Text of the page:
Markets are dynamic. With customers, competitors, and market conditions continually changing, market research can provide you with a clear sense of your business opportunity, target market and competition. In addition, investors and lenders may require independent market assessments or studies as part of the analysis to verify your business concept and plans.
This website also can serve as an invaluable source of information for your market research:
- In Healthy Food Access 101 and in Business Models you will find information that you can use to inform your market research business strategy on supermarkets and convenience stores, food cooperatives and community-supported agriculture, farmers markets and mobile markets, and food hubs that.
Research Your Community is a tool designed to help understand healthy food retail access in specific geographic locations. This interactive mapping and reporting tool provides 60 data indicators that can help the user understand a community’s food environment. The broad categories of data included are described below:
- Demographics: Includes data on race and ethnicity, income, poverty, recipients of Supplemental Nutrition Assistance Program (SNAP, formerly known as Food Stamps), and rates of unemployment.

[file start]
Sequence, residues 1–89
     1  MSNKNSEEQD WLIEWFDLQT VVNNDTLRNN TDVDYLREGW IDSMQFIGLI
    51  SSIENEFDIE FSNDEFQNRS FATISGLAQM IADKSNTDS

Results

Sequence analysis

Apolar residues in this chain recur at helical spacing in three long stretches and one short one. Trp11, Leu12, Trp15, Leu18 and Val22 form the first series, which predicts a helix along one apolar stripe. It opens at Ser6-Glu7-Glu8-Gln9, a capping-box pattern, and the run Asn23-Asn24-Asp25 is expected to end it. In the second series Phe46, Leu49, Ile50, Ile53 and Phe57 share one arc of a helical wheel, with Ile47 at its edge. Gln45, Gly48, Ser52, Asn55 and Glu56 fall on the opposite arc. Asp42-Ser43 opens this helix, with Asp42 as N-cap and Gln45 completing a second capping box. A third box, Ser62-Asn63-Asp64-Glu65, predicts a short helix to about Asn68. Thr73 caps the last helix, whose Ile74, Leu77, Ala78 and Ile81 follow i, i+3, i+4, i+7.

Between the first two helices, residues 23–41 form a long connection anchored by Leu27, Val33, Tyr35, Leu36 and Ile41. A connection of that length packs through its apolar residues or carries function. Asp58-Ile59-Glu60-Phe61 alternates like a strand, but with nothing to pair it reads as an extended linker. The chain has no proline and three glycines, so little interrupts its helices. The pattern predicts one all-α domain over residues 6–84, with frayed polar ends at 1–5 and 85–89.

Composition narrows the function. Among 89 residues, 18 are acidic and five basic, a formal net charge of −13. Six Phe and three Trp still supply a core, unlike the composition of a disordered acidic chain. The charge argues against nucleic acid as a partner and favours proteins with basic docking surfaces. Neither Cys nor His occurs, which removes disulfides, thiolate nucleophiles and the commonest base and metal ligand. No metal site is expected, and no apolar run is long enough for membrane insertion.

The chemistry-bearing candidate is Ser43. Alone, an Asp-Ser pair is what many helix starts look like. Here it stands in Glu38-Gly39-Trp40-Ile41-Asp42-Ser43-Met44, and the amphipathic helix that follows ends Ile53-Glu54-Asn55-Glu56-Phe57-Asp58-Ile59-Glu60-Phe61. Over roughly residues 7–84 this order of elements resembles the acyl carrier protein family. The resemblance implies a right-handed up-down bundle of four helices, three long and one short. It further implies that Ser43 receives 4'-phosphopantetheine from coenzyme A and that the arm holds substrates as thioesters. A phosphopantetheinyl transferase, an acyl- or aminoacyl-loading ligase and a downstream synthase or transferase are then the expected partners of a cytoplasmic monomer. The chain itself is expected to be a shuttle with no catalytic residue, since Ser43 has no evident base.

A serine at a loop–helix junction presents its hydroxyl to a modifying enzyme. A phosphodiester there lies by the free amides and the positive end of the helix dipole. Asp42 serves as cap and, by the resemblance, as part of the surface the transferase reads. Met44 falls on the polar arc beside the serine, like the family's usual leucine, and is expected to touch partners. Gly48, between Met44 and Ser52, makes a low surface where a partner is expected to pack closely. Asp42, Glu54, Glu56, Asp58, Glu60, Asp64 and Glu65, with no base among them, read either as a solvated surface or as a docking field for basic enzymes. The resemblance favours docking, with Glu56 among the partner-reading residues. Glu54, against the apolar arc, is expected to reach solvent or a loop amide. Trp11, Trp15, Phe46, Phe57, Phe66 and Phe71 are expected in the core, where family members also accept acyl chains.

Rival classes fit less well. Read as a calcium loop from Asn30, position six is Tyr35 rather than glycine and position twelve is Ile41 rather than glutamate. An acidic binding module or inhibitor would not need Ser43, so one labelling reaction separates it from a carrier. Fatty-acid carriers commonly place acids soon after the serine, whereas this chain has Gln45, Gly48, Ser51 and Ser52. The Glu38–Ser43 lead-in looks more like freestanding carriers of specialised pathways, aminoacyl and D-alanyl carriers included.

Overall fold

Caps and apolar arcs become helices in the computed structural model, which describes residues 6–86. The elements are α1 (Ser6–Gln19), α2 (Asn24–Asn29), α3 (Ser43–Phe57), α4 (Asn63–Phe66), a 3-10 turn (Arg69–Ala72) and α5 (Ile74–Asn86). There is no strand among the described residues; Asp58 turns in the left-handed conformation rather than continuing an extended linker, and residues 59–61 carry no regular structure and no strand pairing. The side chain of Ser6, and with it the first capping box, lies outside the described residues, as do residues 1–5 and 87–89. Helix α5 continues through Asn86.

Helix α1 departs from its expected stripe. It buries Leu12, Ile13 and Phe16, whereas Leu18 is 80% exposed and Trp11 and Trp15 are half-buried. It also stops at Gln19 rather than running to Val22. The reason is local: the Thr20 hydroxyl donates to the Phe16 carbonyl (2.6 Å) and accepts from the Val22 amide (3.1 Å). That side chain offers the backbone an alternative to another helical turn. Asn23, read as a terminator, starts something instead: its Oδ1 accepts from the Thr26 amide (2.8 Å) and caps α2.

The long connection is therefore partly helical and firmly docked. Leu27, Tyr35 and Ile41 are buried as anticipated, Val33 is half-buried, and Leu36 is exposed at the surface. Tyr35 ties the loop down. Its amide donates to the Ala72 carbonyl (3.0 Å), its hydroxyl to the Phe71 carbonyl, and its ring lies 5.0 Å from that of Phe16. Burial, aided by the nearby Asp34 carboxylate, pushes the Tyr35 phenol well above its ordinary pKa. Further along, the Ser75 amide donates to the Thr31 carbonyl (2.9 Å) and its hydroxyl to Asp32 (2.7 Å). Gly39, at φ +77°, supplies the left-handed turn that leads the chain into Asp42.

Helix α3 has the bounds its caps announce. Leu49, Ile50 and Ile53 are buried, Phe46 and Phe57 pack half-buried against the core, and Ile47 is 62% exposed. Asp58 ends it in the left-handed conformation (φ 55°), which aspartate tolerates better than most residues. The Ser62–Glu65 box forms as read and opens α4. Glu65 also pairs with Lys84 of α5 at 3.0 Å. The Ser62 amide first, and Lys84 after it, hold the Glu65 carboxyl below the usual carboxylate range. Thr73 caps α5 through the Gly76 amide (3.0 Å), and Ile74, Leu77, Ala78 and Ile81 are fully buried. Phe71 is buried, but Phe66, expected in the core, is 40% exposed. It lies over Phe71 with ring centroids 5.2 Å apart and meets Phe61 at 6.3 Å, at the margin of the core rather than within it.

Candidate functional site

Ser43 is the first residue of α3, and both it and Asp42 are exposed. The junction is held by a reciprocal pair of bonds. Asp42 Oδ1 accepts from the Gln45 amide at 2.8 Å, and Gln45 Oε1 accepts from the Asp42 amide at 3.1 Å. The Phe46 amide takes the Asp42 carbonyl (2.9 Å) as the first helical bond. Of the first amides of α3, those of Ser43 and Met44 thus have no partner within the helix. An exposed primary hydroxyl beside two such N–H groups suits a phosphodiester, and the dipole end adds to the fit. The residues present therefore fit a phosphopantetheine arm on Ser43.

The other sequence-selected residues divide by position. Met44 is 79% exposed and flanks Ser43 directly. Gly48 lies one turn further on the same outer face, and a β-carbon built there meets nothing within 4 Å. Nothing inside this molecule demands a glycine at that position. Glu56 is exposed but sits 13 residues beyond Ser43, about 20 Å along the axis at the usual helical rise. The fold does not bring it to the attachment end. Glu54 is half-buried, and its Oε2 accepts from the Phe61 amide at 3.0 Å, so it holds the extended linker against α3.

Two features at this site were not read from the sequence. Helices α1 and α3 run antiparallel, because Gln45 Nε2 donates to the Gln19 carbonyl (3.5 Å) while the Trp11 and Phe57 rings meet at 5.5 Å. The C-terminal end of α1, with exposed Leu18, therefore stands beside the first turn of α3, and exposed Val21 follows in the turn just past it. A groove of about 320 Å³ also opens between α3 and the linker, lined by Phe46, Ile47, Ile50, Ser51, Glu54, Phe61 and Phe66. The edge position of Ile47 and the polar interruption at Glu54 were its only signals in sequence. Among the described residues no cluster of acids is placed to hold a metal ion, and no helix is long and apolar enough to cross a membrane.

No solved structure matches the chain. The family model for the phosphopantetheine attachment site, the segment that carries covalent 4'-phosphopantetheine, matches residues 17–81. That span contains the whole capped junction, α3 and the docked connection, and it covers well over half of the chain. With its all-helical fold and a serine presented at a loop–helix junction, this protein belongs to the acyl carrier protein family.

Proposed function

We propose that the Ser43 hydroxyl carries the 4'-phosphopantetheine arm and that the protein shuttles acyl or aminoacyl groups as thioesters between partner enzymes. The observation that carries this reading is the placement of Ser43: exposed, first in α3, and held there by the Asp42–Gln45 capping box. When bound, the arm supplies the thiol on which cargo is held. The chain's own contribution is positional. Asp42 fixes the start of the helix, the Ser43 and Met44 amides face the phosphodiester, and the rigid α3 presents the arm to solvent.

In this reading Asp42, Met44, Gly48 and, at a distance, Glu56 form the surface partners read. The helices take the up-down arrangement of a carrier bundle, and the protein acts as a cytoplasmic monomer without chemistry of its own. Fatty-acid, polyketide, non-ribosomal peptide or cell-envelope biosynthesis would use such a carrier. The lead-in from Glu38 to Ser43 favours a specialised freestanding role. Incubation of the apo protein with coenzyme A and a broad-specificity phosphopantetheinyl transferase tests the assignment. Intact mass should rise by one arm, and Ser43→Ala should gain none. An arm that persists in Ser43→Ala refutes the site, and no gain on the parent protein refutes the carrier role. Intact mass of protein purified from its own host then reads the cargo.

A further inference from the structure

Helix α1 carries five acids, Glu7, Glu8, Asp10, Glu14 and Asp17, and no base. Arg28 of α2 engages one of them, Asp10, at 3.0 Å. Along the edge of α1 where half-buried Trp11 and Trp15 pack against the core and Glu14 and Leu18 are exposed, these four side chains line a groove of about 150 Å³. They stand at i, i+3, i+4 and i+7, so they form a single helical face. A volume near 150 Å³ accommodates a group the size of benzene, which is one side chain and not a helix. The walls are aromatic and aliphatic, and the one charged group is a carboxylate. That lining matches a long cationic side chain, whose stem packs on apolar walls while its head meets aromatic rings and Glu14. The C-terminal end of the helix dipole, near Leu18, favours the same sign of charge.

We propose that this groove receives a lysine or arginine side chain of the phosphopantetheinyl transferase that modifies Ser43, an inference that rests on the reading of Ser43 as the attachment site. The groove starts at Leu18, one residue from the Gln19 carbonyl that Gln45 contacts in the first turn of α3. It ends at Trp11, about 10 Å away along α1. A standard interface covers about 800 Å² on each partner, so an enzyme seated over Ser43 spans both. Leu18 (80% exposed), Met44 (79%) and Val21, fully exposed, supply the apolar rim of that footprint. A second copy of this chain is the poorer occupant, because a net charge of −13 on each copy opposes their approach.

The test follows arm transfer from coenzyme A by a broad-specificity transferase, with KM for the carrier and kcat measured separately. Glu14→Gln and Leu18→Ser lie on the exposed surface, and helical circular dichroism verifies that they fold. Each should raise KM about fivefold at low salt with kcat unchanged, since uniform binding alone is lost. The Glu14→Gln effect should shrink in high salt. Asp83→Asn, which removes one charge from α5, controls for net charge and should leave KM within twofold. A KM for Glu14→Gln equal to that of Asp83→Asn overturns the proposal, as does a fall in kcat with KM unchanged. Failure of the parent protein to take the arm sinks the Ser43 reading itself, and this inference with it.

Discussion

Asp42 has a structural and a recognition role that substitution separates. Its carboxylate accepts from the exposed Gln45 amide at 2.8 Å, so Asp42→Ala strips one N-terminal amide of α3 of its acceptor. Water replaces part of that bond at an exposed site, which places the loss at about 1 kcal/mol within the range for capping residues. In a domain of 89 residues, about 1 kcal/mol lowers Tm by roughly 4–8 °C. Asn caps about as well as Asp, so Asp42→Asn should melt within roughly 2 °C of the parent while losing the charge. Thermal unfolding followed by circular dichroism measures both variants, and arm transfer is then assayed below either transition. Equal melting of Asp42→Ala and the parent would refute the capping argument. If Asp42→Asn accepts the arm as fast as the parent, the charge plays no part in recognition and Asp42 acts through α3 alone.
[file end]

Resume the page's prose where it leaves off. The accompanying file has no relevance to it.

- Food Environment: Includes data on grocery retail demand and leakage, farmers markets, and the degree of access to healthy food retail outlets such as USDA’s Low Income, Low Access designated census tracts and Reinvestment Fund’s Limited Supermarket Access areas.
- Health: Includes data on fruit and vegetable consumption, obesity, physical inactivity, and diabetes.
- Federal Programs and Investments: Includes eligibility data for various federal funding programs such as New Markets Tax Credits (NMTC) and Community Development Block Grants (CDBG).
You can also use market research to counter misconceptions about the financial viability of serving low-income households and communities of color. For example, data on grocery retail demand and leakage or utilization rates for the SNAP and Women, Infants, and Children (WIC) programs can demonstrate the purchasing power of low-income households and persons of color.
Knowing your customer will also contribute to your chances for establishing a successful business. Both quantitative data on community demographics (income, race, and ethnicity) and qualitative on-the-ground research can be vital to understanding your customer base. Surveys, focus groups and conversations with potential funders, food policy councils, and food access organizations can help you explore the need or demand for your product or service and make sure that your business offerings are culturally appropriate and desired.